What Are the Three Types of Appeals in Georgia?

Our lawyers can provide guidance and representation for various types of appeals, including criminal appeals. Schedule a free consultation with us at Strickland Webster, LLC.

Types of Appeals in Georgia


If you are involved in a legal dispute, you will likely need to settle it in a trial court. During the trial, you will present evidence to convince the judge or jury to decide in your favor. However, if you lose a trial, you may have the option to submit an appeal.

An appeal is a legal procedure of asking a higher Georgia court to reconsider the lower court’s (trial court) decision if you believe the judge’s ruling was incorrect.

Three types of appeals are commonly found in Georgia. These include direct appeals, interlocutory appeals, and discretionary appeals.

If you have grounds for an appeal and decide to file one, you must determine which appellate court has jurisdiction over your case and what type of appeal you seek. Read on as we answer some questions regarding these three types of appeals.

What Is a Direct Appeal?


If a final judgment has been issued against you, you can file a direct appeal to argue that the decision resulted from an error by the lower court.

With a direct appeal, you essentially request the appellate court to:

  • Concur that errors were made, and

  • Order the lower court to offer you a “do-over.”

Direct appeals are typically filed “as a matter of right,” the first time, but subsequent appeals are generally discretionary.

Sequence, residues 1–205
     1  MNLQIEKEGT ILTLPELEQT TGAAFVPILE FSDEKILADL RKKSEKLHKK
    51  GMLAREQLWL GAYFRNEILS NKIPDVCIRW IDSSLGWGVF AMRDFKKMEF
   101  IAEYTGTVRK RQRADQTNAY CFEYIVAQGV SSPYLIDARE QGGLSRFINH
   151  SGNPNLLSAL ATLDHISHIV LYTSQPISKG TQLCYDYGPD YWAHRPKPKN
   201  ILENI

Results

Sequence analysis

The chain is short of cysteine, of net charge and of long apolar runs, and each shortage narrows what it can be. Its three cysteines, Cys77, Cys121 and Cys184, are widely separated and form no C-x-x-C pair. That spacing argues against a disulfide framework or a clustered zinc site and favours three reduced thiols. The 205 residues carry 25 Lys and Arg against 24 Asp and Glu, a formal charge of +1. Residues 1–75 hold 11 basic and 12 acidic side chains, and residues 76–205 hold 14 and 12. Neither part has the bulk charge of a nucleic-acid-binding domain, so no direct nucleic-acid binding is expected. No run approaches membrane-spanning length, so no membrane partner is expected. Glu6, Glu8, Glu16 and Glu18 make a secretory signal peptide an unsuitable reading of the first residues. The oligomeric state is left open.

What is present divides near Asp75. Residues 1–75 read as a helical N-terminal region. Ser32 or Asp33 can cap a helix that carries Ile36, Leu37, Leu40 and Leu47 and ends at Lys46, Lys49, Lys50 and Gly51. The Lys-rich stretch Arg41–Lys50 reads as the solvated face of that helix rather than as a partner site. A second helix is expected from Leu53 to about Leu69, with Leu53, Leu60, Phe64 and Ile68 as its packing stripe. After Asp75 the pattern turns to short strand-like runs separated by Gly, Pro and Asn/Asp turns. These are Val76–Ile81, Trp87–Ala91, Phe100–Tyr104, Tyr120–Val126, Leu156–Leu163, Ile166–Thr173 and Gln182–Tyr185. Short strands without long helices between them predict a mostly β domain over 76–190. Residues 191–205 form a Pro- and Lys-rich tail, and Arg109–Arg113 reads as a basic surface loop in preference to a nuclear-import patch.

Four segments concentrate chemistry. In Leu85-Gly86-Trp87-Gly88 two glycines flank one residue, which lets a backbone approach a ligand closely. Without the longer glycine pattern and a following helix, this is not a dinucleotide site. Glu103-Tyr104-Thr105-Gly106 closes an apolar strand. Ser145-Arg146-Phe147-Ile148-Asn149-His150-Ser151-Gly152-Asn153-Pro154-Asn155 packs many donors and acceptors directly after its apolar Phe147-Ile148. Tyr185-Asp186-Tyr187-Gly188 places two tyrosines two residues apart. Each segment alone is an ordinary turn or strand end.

Generally, a notice of direct appeal must be submitted to the trial court clerk within thirty days after the issuance of the final ruling.

What Is an Interlocutory Appeal?


The word interlocutory typically translates as “interrupt.” So, an interlocutory appeal is an appeal that can “interrupt” a court proceeding before its conclusion. This sort of appeal is ideal for challenging pre-trial court orders.

For instance, if a trial court issues an order against you before the trial commences, and you have reason to believe that the decision is crucial to the case. In that case, you may apply for an interlocutory appeal against the order at the appropriate appellate court.

What Is a Discretionary Appeal?


Unlike direct appeals, discretionary appeals are not submitted as a matter of right. Nor are they filed while the case is still pending in the lower court, as in the case of interlocutory appeals.

Discretionary appeals, instead, include appeals to the Georgia Supreme Court from a Georgia Court of Appeals decision. They need a petition to the proper appellate court and can only proceed if the petition is granted. 

How Many Appellate Courts Are There in Georgia?


There are two appellate-level courts in the Georgia court system. They are the Georgia Court of Appeals and the Georgia Supreme Court.

The Georgia Court of Appeals serves as Georgia’s intermediate appellate court. It was founded in 1906 and currently has fifteen judges serving in five classes.

The Georgia Court of Appeals has appellate authority to review all criminal and civil cases from all trial courts, such as the magistrate and other state courts. However, the Georgia Court of Appeals does not have jurisdiction over constitutional queries, homicide, and habeas corpus cases.